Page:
California Passes GDPR-Style Data Privacy Law

Share this article on:

AB 375, the California Consumer Privacy Act of 2018, has been signed into law. The bill was signed by California governor Jerry Brown on Thursday after the state Senate and Assembly passed the bill unanimously.

California already has some of the strictest privacy laws in the United States. Under existing legislation, companies that experience a breach of personal information must notify affected individuals if their computerized data is exposed or stolen. This law takes privacy protections much further and gives state residents several new GDPR-style privacy rights, including:

  • The right to request information from businesses about the types of personal data that are collected and processed and the source of that information
  • Be informed about the purpose for collecting, using, and selling personal data
  • Categories of third parties with whom the information is shared
  • The right to request a copy of all personal information collected by a business
  • The right to have all personal information deleted on request
  • The right to request personal information is not sold
  • The right to initiate civil action if there has been a failure to protect an individual’s personal data

The law would also prohibit any business from discriminating against an individual who chooses to exercise the above rights, including charging such an individual more or providing a different quality of goods or services.

The Act also prohibits companies from selling the personal data of individuals between 13 and 16 years of age, unless authorized to through opting in. Individuals younger than 13 must have consent provided by a parent or legal guardian before personal information can be collected.

Businesses will be required to explain, at or before the collection of personal information, the categories of information that will be collected and the purpose for which that information is collected. Businesses will be prohibited from collecting more information than is stated in their consumer notices. Consumers must also be advised of the right to have their information deleted at the point of consent being obtained.

Businesses must place a clear link on the homepage of their websites titled “Do not Sell My Personal Information” which must direct the user to a webpage where they can opt out of the sale of their personal data.

The Act will not apply to protected health information collected by HIPAA-covered entities. “This act shall not apply to protected or health information that is collected by a covered entity governed by the Confidentiality of Medical Information Act (Part 2.6 (commencing with Section 56 of Division 1)) or governed by the privacy, security, and breach notification rules issued by the federal Department of Health and Human Services, Parts 160 and 164 of Title 45 of the Code of Federal Regulations, established pursuant to the Health Insurance Portability and Availability Act of 1996.”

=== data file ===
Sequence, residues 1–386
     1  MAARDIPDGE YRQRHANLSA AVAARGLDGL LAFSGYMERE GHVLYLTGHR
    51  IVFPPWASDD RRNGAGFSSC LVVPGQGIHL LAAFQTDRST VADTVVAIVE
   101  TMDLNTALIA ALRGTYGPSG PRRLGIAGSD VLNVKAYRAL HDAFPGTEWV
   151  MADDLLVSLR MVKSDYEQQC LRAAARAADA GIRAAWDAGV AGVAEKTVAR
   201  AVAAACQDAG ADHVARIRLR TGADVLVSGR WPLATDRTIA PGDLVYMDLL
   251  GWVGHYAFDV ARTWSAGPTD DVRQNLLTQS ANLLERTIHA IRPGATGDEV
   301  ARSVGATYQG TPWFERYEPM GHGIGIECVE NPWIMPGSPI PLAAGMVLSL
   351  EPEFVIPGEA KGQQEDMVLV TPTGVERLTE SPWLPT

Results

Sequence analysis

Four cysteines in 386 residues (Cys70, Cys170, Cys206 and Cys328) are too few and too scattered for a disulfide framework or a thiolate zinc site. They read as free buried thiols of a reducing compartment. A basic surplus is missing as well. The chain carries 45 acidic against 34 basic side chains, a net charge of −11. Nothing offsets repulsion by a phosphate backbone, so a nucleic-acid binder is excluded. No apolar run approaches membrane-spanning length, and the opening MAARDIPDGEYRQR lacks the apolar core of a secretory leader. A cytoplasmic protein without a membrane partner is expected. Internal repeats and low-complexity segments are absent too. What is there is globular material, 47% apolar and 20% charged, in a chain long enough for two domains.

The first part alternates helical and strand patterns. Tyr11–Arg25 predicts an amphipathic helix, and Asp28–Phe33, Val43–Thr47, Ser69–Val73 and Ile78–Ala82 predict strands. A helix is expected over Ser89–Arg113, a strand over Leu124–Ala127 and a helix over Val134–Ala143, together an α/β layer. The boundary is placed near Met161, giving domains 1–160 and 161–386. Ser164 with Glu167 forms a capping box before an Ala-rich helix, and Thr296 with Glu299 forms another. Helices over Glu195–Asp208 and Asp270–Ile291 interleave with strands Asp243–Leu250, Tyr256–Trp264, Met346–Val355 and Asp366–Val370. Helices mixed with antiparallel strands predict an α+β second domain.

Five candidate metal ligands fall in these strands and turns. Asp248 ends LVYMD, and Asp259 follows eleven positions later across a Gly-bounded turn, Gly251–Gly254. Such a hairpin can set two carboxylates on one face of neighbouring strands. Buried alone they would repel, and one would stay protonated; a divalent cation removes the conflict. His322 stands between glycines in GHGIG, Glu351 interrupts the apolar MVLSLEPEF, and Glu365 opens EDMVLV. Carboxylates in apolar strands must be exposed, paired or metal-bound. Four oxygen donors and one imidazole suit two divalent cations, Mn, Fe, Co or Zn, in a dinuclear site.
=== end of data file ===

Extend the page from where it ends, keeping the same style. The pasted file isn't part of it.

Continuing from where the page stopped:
The California Consumer Privacy Act of 2018 has been criticized for being a rushed attempt to prevent a voter initiative that would’ve appeared on California ballots in November if the bill was not passed by 5pm on Thursday.

While the bill has been signed into law, the California Consumer Privacy Act of 2018 can be amended before its effective date of January 1, 2020.

The bill has been heavily criticized by the Internet Association, which has stated, “Data regulation policy is complex and impacts every sector of the economy, including the internet industry… That makes the lack of public discussion and process surrounding this far-reaching bill even more concerning.”

The Internet Association released a statement saying, “It is critical going forward that policymakers work to correct the inevitable, negative policy and compliance ramifications this last-minute deal will create for California’s consumers and businesses alike.”

Author: Steve Alder has many years of experience as a journalist, and comes from a background in market research. He is a specialist on legal and regulatory affairs, and has several years of experience writing about HIPAA. Steve holds a B.Sc. from the University of Liverpool.

Share This Post On